Pomponazzi, Pietro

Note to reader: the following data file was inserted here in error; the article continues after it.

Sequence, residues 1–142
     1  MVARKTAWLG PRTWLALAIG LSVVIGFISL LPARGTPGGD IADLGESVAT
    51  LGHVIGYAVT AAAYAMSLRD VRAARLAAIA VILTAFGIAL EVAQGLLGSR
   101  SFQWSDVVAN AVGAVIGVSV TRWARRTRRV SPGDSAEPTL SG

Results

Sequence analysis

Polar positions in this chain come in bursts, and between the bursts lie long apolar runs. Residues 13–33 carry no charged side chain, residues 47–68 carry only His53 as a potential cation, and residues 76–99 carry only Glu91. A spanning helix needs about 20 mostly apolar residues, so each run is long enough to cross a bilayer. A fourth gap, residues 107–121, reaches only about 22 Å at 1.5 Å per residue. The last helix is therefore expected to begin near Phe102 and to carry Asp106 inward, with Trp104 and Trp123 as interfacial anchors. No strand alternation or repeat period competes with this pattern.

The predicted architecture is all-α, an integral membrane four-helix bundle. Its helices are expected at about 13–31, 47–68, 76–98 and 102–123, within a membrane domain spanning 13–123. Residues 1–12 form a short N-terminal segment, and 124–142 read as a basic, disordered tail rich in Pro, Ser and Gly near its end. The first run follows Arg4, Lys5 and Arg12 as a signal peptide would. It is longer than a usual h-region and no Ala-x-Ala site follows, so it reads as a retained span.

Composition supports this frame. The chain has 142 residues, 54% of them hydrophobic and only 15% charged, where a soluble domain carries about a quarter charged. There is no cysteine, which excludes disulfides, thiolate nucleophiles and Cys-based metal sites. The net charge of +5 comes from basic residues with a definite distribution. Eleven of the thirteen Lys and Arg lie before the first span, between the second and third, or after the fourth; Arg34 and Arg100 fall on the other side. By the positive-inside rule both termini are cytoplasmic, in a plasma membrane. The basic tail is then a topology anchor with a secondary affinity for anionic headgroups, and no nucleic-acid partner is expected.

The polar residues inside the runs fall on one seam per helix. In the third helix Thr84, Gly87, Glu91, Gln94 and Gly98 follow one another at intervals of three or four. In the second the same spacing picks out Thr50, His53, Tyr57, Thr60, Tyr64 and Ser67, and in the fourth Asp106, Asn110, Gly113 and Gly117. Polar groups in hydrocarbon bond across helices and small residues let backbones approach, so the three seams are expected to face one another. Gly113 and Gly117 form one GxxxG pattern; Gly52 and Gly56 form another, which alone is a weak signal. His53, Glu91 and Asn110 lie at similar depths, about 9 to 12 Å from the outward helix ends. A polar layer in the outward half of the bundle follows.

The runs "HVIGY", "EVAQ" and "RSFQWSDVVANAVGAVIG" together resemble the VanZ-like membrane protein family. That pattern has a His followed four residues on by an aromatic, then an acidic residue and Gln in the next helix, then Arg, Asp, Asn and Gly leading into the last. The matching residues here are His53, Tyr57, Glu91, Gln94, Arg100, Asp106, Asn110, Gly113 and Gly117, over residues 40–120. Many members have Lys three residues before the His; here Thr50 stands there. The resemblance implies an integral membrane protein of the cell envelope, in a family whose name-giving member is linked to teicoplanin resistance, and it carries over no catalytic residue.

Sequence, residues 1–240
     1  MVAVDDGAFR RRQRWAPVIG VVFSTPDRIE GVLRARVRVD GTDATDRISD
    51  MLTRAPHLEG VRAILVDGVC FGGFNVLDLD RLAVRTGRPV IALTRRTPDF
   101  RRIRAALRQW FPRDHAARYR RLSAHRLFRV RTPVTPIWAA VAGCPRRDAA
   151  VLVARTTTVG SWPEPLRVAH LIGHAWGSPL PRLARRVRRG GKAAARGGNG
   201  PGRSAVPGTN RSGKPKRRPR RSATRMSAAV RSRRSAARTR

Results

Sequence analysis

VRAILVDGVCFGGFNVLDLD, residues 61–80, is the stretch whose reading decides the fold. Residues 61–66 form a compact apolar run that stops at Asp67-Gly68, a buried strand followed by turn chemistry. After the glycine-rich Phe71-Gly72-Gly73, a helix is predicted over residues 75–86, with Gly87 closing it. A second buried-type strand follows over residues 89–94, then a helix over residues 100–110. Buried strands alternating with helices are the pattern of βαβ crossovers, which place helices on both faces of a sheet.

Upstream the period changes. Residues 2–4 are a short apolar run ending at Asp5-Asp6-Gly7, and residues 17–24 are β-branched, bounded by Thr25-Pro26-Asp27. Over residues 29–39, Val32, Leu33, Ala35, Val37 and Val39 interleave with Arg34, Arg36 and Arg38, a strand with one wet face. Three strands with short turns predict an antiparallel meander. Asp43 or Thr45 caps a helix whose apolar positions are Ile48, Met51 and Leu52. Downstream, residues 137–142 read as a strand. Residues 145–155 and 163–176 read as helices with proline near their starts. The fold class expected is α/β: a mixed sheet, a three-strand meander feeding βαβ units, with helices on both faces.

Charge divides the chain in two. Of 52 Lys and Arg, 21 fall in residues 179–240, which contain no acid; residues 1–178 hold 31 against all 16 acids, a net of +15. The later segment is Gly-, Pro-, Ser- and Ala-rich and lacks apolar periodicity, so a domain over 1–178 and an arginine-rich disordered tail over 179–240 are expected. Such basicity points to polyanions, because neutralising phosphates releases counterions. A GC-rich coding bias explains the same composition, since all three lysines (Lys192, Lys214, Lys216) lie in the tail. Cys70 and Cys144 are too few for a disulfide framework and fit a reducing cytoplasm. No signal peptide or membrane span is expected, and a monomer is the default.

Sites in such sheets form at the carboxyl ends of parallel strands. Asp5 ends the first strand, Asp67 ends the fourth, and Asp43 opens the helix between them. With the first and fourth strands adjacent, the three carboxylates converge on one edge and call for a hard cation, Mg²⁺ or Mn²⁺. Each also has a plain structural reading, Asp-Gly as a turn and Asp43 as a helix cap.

Pomponazzi, Pietro a famous Italian philosopher, was born at Mantua in 1462, and after studying at the University of Padua became a professor of philosophy in his alma mater. He also taught and wrote at Bologna with the highest distinction. Although small in stature-for he was almost a dwarf-he yet astonished his contemporaries by his remarkable intellectual power, and became one of the most eminent men of his times. He had frequent disputations with the famous Achillini, whose puzzling objections would have confounded him had it not been for his skill in parrying them by his keen wit as well as by a sharp-cutting logic. He used to apply himself to the solution of difficulties so very intensely that he frequently forgot to eat, drink, sleep, and perform the ordinary functions of nature; nay, it made him almost distracted, and a laughing-stock to every one, as he himself tells us. He died in 1525. He wrote De Immortalitate Animae (1516), in which he maintains that the immortality of the soul cannot be proved by philosophical (or natural) reasons, but depends solely on revelation, which he accepts. This precaution, however, did not save him from attacks, and many adversaries rose up against him who did not scruple to treat him as an atheist; and the monks caused his book, although he wrote several apologies for it, to be burned at Venice. Another work of his on Incantations was also regarded as dangerous. He shows in this that he does not believe in magic and sorcery, and lays a prodigious stress on occult virtues in certain men by which they produced miraculous effects. He gives a great many examples of this, but his adversaries do not admit them to be true, or free from magic. See Bayle, Dict. Hist. s.v.; Niceron, Mnmoires, vol. 25; Olearius, De Pomponatio (Jena, 1705,4to); Buhle, Geschichte der neueren Philosophie, vol. 2; Ueberweg, Hist. of Philos. (see Index); Neander, Christian ) Dogmas (see Index); Lecky, Hist. of Rationalism, 1, 370; Fisher, Hist. of the Reformation, p. 542; Alzog, Kirchengesch. 2, 222; Morell, Hist. of Philosophy (see Index); Ranke, Hist. of the Papacy, 1, 63, 64, 377.

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